acknowledgement of graffiti art and street art.

Two curators will visit Baltimore for this panel and discussion:

Maiza Hixson is the Gretchen Hupfel Curator of Contemporary Art at
the Delaware Center for the Arts which presents between 20 and 30
exhibitions annually of regional, national, and international artists,
exploring topical issues in contemporary art and society. Along with
Lauren Ruth, she is the co-founder, director, and curator of The
Shaft, an unauthorized gallery space located in the elevator of the
Vox Populi building in Philadelphia. Her work was recently featured in
the People’s Biennial organized by Independent Curators International
and curated by Jens Hoffman and Harrell Fletcher.

Anita Durst is the Founder and Director of Chashama which supports
creativity in New York City by repurposing vacant properties,
recycling them as work spaces and performance spaces, and granting
them at free or highly-subsidized rates. She has secured over one
million square feet of space in New York City for artists. She
believes programs like chashama are the vital building blocks to
ensuring cultural capital in New York City. Anita sits on the boards
of New York Foundation of Arts, Tai Chi Chuan Center, The Tank, Adarsh
Alphon Projects, Exploring the Metropolis, and Bindlestiff Family
Cirkus.

Hixson and Durst will bring outside perspective to our conversation in
Baltimore. This will be a great opportunity for curators in Baltimore
to meet and discuss issues relevant to curatorial practice. Everyone
is encouraged to join the discussion.

The idea that curatorial practice can provoke, in addition to educate
and inspire, is an idea that is gaining steam across disciplines.
Curators can challenge diverse publics by engaging place and sharing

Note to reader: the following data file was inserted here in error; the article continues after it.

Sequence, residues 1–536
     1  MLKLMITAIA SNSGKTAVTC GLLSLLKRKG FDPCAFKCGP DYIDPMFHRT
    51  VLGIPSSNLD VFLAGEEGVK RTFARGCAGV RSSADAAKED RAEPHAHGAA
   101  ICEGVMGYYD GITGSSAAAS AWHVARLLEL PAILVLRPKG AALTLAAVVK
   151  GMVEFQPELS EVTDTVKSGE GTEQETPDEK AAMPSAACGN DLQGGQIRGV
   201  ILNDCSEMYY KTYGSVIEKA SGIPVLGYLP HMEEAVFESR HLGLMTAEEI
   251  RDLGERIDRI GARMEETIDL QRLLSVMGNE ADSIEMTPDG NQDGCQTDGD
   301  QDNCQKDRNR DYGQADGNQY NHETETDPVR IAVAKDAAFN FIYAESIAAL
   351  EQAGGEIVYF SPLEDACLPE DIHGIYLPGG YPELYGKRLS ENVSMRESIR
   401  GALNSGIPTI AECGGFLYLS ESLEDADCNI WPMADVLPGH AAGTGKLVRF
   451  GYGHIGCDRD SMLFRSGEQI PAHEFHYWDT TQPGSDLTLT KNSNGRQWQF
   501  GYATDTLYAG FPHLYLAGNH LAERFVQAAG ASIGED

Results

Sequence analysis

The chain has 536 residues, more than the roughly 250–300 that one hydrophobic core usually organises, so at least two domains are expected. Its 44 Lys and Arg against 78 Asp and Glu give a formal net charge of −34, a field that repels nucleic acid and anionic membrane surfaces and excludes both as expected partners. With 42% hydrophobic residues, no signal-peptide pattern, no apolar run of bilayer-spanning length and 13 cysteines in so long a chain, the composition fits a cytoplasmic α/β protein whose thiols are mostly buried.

artwork that reflects significant, contemporary global and local
issues and provides tools for engagement.

Please join us at Area 405, Sunday, April 29, 1:00PM - 4:00PM. Area
405 is one of Station North Arts and Entertainment District’s top
exhibition spaces for contemporary art directed to broad audiences.
Area 405 is housed in a living, working artist-owned building that was
once an abandoned warehouse. Thanks to its many volunteers, Area 405
has been hosting exhibitions, film screenings, performances, lectures,
and artist talks since 2003.

When: Sunday, April 29, 1:00PM - 4:00PM
Where: Area 405, 405 East Oliver Street, Baltimore, MD 21202, www.area405.com
RSVP encouraged at cpmfa@mica.edu
Here is the Facebook Invite: https://www.facebook.com/events/348926478488852/

Further Reading:

About Hannah Brancato and Rebecca Nagle’s project, FORCE:
http://bmore.ihollaback.org/2012/02/25/interview-the-artists-behind-force-upsetting-rape-culture/#comments...

About Anita Durst’s organization, Chashama:
http://www.thirteen.org/metrofocus/culture/no-vacancy-turning-empty-spaces-into-cultural-pop-ups/...

For context, perhaps it would be helpful to consider this statement on
the Occupy movement, by Rebecca Solnit:
http://www.thenation.com/article/166394/why-media-love-violence-protesters-and-not-banks.